Dose, exposure time, and resolution in Serial X-ray Crystallography

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Using detailed simulation and analytical models, the exposure time is estimated for serial crystallography, where hydrated laser-aligned proteins are sprayed across a continuous synchrotron beam. The resolution of X-ray diffraction microscopy is limited by the maximum dose that can be delivered prior to sample damage. In the proposed Serial Crystallography method, the damage problem is addressed by distributing the total dose over many identical hydrated macromolecules running continuously in a single-file train across a continuous X-ray beam, and resolution is then limited only by the available fluxes of molecules and X-rays. Orientation of the diffracting molecules is achieved by laser ... continued below

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Starodub, D; Rez, P; Hembree, G; Howells, M; Shapiro, D; Chapman, H N et al. March 22, 2007.

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Using detailed simulation and analytical models, the exposure time is estimated for serial crystallography, where hydrated laser-aligned proteins are sprayed across a continuous synchrotron beam. The resolution of X-ray diffraction microscopy is limited by the maximum dose that can be delivered prior to sample damage. In the proposed Serial Crystallography method, the damage problem is addressed by distributing the total dose over many identical hydrated macromolecules running continuously in a single-file train across a continuous X-ray beam, and resolution is then limited only by the available fluxes of molecules and X-rays. Orientation of the diffracting molecules is achieved by laser alignment. We evaluate the incident X-ray fluence (energy/area) required to obtain a given resolution from (1) an analytical model, giving the count rate at the maximum scattering angle for a model protein, (2) explicit simulation of diffraction patterns for a GroEL-GroES protein complex, and (3) the frequency cut off of the transfer function following iterative solution of the phase problem, and reconstruction of a density map in the projection approximation. These calculations include counting shot noise and multiple starts of the phasing algorithm. The results indicate the number of proteins needed within the beam at any instant for a given resolution and X-ray flux. We confirm an inverse fourth power dependence of exposure time on resolution, with important implications for all coherent X-ray imaging. We find that multiple single-file protein beams will be needed for sub-nanometer resolution on current third generation synchrotrons, but not on fourth generation designs, where reconstruction of secondary protein structure at a resolution of 7 {angstrom} should be possible with short (below 100 s) exposures.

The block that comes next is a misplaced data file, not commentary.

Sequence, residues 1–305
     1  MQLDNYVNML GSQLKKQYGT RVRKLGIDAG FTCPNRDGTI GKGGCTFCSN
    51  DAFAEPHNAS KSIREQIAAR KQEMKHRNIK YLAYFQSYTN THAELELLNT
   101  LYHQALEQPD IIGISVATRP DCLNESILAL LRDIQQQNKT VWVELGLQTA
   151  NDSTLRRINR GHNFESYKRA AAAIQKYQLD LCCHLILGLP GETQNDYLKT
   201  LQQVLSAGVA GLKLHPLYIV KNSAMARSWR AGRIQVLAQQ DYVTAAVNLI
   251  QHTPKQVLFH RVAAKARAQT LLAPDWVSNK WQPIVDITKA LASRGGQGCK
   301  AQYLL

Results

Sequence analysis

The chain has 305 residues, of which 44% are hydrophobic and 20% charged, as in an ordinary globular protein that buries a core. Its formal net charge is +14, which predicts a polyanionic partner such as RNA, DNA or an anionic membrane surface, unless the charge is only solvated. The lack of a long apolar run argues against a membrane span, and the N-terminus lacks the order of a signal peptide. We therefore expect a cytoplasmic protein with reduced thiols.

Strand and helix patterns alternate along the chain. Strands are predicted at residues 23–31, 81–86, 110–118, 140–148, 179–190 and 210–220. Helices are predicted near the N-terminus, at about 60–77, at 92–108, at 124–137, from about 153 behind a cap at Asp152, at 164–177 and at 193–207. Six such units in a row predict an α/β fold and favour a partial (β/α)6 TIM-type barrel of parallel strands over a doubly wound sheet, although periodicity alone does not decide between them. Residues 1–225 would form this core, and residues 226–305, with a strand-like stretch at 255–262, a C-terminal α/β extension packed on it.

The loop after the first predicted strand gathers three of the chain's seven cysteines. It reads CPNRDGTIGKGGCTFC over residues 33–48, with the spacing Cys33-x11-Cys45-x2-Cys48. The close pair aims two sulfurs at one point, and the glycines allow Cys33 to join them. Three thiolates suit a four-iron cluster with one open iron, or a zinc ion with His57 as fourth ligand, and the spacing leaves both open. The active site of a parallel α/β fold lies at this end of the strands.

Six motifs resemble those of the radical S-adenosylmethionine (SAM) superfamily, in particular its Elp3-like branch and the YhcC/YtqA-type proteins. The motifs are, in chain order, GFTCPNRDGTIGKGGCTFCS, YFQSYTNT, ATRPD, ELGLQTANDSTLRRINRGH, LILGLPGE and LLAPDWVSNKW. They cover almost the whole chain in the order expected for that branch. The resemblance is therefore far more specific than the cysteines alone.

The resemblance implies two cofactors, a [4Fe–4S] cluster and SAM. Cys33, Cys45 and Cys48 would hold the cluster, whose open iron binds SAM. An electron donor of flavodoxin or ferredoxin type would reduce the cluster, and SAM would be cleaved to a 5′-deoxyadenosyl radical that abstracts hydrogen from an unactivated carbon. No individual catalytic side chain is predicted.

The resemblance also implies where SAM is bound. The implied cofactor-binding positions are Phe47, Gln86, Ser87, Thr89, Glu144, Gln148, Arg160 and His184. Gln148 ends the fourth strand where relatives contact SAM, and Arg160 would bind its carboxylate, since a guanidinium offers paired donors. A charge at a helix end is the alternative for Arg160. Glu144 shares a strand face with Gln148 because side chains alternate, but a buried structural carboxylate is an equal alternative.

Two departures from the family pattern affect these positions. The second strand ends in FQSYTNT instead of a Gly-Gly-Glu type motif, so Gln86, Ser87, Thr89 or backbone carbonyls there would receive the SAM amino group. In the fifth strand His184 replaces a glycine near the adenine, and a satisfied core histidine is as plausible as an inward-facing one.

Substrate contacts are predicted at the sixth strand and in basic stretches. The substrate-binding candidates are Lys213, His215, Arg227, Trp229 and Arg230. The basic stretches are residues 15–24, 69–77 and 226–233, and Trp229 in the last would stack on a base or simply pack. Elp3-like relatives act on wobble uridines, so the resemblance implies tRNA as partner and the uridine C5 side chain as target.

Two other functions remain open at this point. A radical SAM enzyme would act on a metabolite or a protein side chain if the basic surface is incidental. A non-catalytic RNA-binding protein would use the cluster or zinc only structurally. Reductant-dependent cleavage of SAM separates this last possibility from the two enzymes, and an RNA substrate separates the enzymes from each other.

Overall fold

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PDF-file: 37 pages; size: 0.9 Mbytes

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  • Journal Name: Jounal of Synchrotron Research, vol. 15, no. 1, January 1, 2008, pp. 62-73; Journal Volume: 15; Journal Issue: 1

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  • Report No.: UCRL-JRNL-229466
  • Grant Number: W-7405-ENG-48
  • Office of Scientific & Technical Information Report Number: 991522
  • Archival Resource Key: ark:/67531/metadc1013731

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  • March 22, 2007

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  • Oct. 14, 2017, 8:36 a.m.

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  • Oct. 27, 2017, 5:34 p.m.

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Starodub, D; Rez, P; Hembree, G; Howells, M; Shapiro, D; Chapman, H N et al. Dose, exposure time, and resolution in Serial X-ray Crystallography, article, March 22, 2007; Livermore, California. (digital.library.unt.edu/ark:/67531/metadc1013731/: accessed December 11, 2018), University of North Texas Libraries, Digital Library, digital.library.unt.edu; crediting UNT Libraries Government Documents Department.